Regarding the triticale, the team witnessed a surprise finding on May 24. Across all 4 fields, the triticale was 25% taller on the side where it had been run over again with the drill seeding (see photo). The theory is that the aeration with the drill released more nitrogen to those seeds. The rye cover crop planted as part of Experiment #2 will be checked in the spring to see if the vetch over-drilling produces a similar result. It was further noted that there were plentiful worm middens, a testament to the general success of the no-till planting that had been employed on these fields for the last several years.
Unexpected Discovery: Triticale 25% higher where followed with drill
The triticale was harvested on May 26; this went well. It became clear that all 5 fields had a failed seeding down and it was agreed to reseed. It was also agreed that the farm could not afford to do a second year trial of fall drilling vs. frost broadcasting. All further seeding would be by drill (still committed to no-till). The ongoing comparative yield data that had been planned could not be completed.
Then, very unfortunately, the lack of rain resulted in a second crop failure on all 5 fields. A summer forage seeding of sorghum-sudangrass was considered but rejected. Advice was taken to cancel the remainder of Experiment #1 and focus on Experiment #2. The 5 fields were treated with glyphosate and seeded a third time on August 20, when rain that had been forecast came up short of expectations. This time a more diverse seed mixture was used to further reduce risk (Seedway 350 Haymaster Mix: 35% Premium Tall Fescue, 30% Premium Orchardgrass, 15% Red Clover, 10% Perennial Ryegrass & 10% Festulolium planted at 36#/acre, slightly higher than the recommended 30#/acre). We will not know the results of that attempt until spring. Clearly, this failure has been very expensive and a reminder of the crop rotation risk factor. While not foreseeable, 2016 was a record drought year in Maine. No one we know of had a successful perennial grass seeding down experience.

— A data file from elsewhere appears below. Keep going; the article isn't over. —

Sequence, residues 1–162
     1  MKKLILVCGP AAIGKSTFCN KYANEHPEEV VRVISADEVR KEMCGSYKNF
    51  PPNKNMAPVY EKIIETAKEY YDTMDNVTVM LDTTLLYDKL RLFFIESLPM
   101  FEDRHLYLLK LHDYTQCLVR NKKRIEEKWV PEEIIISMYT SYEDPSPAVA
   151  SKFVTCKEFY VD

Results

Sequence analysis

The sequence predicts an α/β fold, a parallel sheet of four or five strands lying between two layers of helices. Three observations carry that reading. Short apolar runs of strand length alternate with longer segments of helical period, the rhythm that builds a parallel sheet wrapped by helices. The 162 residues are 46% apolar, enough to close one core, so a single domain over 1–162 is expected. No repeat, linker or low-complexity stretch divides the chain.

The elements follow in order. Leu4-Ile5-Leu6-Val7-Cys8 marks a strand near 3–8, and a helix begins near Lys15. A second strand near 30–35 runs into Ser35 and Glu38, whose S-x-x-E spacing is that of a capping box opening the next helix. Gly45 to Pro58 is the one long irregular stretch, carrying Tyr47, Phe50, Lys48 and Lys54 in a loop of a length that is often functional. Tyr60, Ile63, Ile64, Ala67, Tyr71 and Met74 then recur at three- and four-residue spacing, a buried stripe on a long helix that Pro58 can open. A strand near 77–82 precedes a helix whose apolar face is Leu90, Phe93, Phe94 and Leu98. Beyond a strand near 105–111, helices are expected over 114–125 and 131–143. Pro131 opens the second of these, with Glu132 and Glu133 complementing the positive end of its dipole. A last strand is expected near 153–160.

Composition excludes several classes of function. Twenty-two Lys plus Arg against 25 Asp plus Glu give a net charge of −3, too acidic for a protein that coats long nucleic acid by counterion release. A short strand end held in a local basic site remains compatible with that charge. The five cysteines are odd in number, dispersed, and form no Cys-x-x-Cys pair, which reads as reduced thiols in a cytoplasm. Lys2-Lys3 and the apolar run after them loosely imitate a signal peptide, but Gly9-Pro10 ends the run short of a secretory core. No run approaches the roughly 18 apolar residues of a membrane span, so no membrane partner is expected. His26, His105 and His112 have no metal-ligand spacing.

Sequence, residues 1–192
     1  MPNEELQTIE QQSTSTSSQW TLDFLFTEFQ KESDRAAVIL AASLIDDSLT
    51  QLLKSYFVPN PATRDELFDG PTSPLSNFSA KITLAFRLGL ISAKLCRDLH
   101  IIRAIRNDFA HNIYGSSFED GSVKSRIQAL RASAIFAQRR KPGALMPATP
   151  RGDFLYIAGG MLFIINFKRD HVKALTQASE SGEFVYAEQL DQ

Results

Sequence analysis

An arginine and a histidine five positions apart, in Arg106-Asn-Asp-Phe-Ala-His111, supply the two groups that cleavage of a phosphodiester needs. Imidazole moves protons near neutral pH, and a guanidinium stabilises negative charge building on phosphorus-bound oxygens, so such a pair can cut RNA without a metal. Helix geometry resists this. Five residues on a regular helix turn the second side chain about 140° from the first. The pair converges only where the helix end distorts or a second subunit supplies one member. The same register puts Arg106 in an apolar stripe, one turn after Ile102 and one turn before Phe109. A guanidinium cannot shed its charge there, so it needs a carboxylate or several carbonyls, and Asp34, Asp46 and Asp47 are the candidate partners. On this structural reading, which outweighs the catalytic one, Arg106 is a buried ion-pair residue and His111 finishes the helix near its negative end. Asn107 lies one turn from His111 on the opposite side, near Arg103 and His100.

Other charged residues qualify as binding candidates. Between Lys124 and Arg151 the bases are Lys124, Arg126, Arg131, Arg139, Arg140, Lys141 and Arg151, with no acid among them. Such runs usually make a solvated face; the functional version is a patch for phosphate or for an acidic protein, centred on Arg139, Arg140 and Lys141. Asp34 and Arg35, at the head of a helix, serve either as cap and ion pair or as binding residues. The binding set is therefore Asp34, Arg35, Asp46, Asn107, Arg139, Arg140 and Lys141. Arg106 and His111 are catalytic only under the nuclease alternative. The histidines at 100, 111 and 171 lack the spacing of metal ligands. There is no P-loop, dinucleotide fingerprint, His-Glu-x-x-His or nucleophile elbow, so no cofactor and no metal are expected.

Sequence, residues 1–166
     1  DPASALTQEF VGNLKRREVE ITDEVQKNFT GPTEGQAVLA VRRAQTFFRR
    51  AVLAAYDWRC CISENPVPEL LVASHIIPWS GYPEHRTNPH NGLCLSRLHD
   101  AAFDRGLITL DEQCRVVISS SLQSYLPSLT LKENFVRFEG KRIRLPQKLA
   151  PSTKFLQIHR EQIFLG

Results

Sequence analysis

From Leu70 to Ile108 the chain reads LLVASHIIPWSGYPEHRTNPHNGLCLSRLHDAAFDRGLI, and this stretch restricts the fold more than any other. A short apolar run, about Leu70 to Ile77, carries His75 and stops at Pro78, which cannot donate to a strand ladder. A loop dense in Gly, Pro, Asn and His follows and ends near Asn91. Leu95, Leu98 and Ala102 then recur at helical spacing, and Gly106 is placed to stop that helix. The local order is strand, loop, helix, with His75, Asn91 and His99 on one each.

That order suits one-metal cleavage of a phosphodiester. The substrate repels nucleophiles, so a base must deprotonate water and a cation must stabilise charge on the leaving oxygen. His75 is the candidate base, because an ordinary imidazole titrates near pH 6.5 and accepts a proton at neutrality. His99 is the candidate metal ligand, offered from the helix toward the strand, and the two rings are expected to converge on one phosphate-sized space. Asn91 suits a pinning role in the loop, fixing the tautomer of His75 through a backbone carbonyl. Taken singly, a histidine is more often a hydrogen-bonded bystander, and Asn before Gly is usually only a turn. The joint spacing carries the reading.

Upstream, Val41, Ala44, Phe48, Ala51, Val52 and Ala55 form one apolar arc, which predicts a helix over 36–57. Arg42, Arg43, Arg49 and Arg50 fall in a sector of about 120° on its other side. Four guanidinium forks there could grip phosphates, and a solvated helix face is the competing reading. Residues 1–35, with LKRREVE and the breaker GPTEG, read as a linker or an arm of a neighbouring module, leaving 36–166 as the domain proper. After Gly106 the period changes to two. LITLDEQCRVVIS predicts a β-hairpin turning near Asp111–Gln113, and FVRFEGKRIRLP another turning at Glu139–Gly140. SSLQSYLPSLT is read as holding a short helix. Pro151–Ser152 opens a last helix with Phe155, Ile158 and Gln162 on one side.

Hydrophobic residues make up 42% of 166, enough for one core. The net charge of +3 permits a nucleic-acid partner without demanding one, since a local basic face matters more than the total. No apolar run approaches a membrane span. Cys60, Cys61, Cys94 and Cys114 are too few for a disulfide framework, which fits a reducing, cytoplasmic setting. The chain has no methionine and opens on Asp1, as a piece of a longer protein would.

Experiment #2: Hairy Vetch Planted with Corn:
On September 20, we marked out the fields for the corn/vetch trial and took baseline soil samples. These will be analyzed this winter, when it its slightly less costly. The fields were divided into two similar halves (one upland and one lowland), and then again in thirds. Each sample field is about 1.75 acres in size. Tree flags were marked to identify the plots and a diagram was made. Winter rye was planted uniformly at 75 lb/acre across the entire area. Vetch was planted at 10 lb/acre on one pair of thirds and at 15 lb/acre on another pair. The final third of each field was left as the control.
Experiment #2 Field Layout
In May, the winter rye will be killed, manure will be applied and corn will be planted uniformly across the test fields. In late June, fields will be scouted for weed emergence and results recorded; the project team will convene to review observations, compare any difference among the test fields, and decide if any further herbicide application is necessary.
In early July, test plots will be established in these fields. Populations of both corn and vetch will be counted and compared. Corn height will be measured and compared. Soil N will be measured. A decision will be made whether to add N to any of the fields. Observations will be documented and photographed.
Baseline Soil Samples
In early August, populations, height, stalk condition and color will be measured and photographed. Soil moisture and N will again be tested and compared, along with any visual observations of differences between the fields with each level and without vetch, including signs of stress on the corn, weed types and populations. Conditions will be noted that are worthy of follow up prior to harvest.